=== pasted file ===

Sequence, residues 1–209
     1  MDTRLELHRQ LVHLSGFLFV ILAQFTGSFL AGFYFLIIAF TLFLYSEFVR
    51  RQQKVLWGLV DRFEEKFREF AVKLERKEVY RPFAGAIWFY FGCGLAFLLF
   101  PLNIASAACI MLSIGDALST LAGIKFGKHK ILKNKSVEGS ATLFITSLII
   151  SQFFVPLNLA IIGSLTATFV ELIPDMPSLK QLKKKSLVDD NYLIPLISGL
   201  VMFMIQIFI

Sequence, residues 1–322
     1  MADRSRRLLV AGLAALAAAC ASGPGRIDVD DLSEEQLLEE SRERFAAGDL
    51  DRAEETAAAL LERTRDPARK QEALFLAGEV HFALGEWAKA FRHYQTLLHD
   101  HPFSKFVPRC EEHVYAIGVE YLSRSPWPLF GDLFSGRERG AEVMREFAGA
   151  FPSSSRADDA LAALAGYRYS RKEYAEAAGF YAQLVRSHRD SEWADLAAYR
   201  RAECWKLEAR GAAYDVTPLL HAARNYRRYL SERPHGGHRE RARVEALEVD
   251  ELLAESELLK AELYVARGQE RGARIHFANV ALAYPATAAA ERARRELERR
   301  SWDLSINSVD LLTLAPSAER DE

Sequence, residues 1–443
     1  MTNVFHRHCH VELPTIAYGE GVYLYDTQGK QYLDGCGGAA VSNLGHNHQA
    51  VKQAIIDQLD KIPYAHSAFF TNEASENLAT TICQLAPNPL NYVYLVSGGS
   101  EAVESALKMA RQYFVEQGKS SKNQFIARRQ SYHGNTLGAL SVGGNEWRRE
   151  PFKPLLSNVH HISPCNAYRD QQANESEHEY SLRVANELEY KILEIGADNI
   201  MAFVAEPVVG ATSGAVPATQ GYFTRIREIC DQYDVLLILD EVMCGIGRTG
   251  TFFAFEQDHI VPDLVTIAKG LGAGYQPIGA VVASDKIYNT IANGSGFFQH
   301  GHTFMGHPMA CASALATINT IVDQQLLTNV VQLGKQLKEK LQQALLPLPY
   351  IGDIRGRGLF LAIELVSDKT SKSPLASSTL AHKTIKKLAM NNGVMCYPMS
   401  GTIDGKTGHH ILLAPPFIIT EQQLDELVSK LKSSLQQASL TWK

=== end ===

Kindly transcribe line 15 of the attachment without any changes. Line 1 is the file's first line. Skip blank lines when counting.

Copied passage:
Sequence, residues 1–443